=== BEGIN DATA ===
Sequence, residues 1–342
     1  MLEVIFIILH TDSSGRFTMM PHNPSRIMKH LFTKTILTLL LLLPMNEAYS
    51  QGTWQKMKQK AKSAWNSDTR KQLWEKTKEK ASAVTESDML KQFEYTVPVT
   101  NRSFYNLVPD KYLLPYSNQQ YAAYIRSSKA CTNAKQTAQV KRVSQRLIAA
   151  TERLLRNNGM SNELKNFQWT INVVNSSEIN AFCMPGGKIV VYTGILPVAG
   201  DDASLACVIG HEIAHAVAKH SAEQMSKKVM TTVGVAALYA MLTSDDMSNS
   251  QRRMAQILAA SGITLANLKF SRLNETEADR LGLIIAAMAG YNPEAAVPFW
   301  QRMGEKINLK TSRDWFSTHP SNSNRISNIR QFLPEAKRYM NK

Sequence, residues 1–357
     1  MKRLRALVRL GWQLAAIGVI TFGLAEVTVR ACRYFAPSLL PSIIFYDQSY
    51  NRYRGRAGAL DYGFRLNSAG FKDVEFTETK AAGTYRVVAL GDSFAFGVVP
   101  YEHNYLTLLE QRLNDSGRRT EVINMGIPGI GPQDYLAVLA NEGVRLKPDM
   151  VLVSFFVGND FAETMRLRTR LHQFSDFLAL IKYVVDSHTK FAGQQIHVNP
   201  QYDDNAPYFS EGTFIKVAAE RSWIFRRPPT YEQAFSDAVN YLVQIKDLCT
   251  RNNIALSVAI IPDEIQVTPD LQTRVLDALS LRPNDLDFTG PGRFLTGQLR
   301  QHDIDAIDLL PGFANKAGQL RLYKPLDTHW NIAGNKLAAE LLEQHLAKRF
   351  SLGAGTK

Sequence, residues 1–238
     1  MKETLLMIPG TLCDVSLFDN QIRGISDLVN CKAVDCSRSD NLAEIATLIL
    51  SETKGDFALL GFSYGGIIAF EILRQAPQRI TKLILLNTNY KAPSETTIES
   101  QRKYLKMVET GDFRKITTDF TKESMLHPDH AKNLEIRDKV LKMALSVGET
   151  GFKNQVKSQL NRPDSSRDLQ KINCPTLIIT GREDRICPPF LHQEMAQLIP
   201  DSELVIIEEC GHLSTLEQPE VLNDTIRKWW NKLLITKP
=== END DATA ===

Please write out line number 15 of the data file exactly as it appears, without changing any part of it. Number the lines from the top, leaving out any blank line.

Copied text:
   251  RNNIALSVAI IPDEIQVTPD LQTRVLDALS LRPNDLDFTG PGRFLTGQLR